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The NYUAD Institute has embarked on a multi-year research fellowship program in the Humanities. This program aims to help create an energetic, multi-faceted research environment for the Humanities and the study of the Arab world at NYUAD's campus. To this end, both distinguished scholars and promising scholars are invited to apply for residential fellowships at the Institute. Fellows contribute to NYUAD's intellectual community through research and research-related activities, including sharing their work in progress with NYUAD faculty and students and participating in scholarly networks engaged in ongoing research centered at the Institute.
The NYU Abu Dhabi Research Institute invites scholars who wish to contribute to the vibrant research culture of NYUAD’s Saadiyat campus to apply for a residential fellowship during Academic Year 2023-2024. The Institute welcomes applications from scholars working in all areas of the Humanities related to the study of the Arab world, its rich literature and history, its cultural and artistic heritage, and its manifold connections with other cultures. We particularly welcome interdisciplinary research applications.
Deadline: October 3, 2022
The NYU Abu Dhabi Humanities Research Fellowship for the Study of the Arab World program invites applications for its third Graduate Student Research Workshop to be hosted in spring 2024 at NYU Abu Dhabi. We welcome applications from international doctoral students with the opportunity to present and thoroughly discuss their Ph.D. projects related to the Arab world.
Deadline: September 4, 2023
The Humanities Research Fellowship for the Study of the Arab World program, in collaboration with the Archives and Special Collections of the NYUAD Library, is awarding a limited number of travel awards to scholars interested in research within the Arab Heritage and Gulf Crossroads collections along with the relevant thematic holdings of the NYUAD Library.
Deadline: December 30, 2023
In affiliation with the Humanities Research Fellowship for the Study of the Arab World and supported by the National Endowment for the Humanities, the Ministry of Heritage and Tourism-Sultanate of Oman, and the Penn Museum (University of Pennsylvania), the Bat Archaeological Project (BAP) is conducting a new series of archaeological surveys and excavations targeting human-environment interaction at the UNESCO World Heritage Site of Bat, Oman. Previous research by BAP (2007-present) suggests that a web of settlements and related archaeological sites in the Bat region worked cooperatively to thrive in a challenging, hyper-arid landscape. These cooperative behaviors strategically engaged with diverse localized resources, while simultaneously and organically creating culturally meaningful spaces.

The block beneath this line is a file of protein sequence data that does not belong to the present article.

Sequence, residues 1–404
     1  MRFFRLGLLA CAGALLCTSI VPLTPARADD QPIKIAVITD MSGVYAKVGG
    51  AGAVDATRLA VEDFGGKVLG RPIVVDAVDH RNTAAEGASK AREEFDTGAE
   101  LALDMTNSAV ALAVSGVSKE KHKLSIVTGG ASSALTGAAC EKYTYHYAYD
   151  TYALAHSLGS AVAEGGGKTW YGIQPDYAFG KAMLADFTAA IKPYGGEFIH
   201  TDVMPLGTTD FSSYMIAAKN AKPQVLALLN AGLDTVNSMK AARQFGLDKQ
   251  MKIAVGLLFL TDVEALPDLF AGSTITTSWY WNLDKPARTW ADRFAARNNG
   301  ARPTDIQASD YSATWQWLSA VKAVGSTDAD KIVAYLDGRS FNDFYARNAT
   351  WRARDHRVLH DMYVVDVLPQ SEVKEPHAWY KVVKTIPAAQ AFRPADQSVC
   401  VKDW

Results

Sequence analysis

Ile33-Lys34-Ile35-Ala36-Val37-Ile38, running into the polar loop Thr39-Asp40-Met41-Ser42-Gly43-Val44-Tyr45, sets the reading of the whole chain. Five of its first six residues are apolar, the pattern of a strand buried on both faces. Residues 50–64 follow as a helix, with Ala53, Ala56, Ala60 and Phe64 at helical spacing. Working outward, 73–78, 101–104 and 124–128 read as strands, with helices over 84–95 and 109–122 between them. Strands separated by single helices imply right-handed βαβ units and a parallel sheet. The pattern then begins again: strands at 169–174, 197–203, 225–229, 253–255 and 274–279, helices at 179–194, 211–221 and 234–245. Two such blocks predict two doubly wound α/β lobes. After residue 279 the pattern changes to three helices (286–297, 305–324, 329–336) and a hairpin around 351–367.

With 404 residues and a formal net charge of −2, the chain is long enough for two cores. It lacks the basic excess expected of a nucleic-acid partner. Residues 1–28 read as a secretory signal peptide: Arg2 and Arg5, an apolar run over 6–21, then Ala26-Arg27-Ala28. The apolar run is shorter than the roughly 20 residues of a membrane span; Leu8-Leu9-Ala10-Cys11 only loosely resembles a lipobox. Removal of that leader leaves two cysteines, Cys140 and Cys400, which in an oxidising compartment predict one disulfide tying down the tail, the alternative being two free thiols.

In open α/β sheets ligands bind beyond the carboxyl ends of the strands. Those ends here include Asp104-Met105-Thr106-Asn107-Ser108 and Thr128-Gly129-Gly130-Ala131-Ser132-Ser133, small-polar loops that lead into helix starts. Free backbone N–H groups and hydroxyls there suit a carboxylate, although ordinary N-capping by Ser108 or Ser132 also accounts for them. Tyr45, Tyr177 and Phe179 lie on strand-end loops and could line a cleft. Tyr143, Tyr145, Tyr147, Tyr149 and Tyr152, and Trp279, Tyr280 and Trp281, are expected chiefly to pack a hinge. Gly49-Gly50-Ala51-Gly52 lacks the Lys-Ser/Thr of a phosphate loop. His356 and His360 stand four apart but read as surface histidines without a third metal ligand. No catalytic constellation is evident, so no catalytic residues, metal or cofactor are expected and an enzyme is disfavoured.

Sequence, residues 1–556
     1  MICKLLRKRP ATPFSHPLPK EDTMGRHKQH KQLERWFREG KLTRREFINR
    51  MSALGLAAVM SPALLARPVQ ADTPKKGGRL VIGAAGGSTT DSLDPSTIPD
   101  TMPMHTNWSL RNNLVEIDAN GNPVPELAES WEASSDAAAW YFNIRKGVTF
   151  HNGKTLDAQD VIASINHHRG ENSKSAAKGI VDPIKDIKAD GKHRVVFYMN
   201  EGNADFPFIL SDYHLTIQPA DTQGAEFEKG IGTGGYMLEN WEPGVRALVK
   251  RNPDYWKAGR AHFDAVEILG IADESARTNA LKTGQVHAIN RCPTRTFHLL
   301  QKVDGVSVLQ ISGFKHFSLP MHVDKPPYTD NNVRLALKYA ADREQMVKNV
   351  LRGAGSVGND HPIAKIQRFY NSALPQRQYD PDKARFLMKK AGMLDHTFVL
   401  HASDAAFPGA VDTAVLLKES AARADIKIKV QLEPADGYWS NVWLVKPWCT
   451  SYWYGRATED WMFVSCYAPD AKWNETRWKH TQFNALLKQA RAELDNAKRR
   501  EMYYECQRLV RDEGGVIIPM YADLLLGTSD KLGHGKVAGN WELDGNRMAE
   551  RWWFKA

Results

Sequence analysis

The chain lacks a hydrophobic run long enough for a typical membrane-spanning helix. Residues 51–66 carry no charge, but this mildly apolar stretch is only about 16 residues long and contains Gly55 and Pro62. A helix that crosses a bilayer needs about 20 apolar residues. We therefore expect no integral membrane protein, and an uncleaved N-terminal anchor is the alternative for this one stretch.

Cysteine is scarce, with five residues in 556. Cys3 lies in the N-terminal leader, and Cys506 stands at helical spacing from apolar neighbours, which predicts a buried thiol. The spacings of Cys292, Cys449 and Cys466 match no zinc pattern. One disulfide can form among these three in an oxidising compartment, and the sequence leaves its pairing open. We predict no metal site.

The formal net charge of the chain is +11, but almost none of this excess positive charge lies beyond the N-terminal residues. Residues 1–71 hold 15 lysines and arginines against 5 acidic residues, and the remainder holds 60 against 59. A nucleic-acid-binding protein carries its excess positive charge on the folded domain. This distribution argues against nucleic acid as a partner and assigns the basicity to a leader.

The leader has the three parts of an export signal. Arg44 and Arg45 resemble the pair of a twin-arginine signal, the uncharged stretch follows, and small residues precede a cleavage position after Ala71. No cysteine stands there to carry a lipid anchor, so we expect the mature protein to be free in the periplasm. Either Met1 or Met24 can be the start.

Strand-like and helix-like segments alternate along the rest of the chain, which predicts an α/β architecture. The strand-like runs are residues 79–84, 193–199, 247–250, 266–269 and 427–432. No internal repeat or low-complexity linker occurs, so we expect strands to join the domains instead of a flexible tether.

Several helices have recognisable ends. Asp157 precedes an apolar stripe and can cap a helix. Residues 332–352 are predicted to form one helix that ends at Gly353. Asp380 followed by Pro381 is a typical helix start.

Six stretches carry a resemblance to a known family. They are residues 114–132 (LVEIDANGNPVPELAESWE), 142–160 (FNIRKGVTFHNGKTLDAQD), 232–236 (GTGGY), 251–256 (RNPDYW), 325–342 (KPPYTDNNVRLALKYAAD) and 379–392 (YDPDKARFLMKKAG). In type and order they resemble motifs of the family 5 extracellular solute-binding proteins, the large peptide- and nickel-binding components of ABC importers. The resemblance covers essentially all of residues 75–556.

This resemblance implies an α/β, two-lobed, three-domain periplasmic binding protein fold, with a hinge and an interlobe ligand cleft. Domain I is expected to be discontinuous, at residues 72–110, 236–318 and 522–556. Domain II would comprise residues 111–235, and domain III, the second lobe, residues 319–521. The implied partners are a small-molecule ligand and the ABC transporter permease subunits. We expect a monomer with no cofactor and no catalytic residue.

This project is a multi-year investigation into the Umm an-Nar period (UaN; ca. 2800-2000 BCE) cultural landscape of the Bat and its surroundings in the Sharsah Valley of northwestern Oman. Employing the tools of the environmental humanities, the project studies the cultural processes and socio-ecological strategies practiced by the UaN in the Sharsah Valley, ad-Dhahirah Region, northwestern Oman. The resulting reconstruction of an ancient cultural landscape will re-situate the critically understudied Omani interior in ongoing debates on connectivity and human environment interaction in prehistoric societies and build a case study for a persistent, thriving cultural landscape in an arid environment.
Grant Project Director: Eli Dollarhide
Bat Archaeological Project (BAP) Directors: Jennifer Swerida and Charlotte Cable
The history of cultural and intellectual exchanges between the Ottoman, Persian, Arab, European, and American worlds has become an increasingly important area of research in the last decades. Studies on the multi-directional flow and dynamic networks of these encounters and transactions have significantly improved our understanding of the shared history of these regions over time.
Based on the rigorous study of published and unpublished primary sources, this institutional platform for the study of cultural exchange aims to foster original and interdisciplinary research that will develop and deepen our knowledge of the plethora of multi-directional processes and forms of religious, intellectual, and cultural exchange, as well as the practices of scholarship involved in these exchanges.
As such, it will enhance our understanding of the historical connection between these areas and the global dimension of cultural and intellectual networks and knowledge transfer in general. In addition, we hope that it will generate both a platform and a hub for the study of connected histories of the Middle East, Europe, and the Americas, thereby contributing to world-class scholarship in this area.
Project Directors: Jan Loop (University of Copenhagen), Alastair Hamilton (the Warburg Institute) & Süphan Kirmizialtin (NYUAD)
Because of its location in the area where Classical Arabic originated and the relative isolation of inner Arabia, the idiom of what is now often known as Nabaṭī poetry shows an astounding resemblance to the very earliest classical Arabian poetry. It also presents vernacular features and vocabulary that is new or changed since the classical days. Over the roughly seven centuries of its known existence, Nabaṭī poetry developed its own artistic conventions and infinitely rich desert vocabulary. The same is true for the narrative tradition.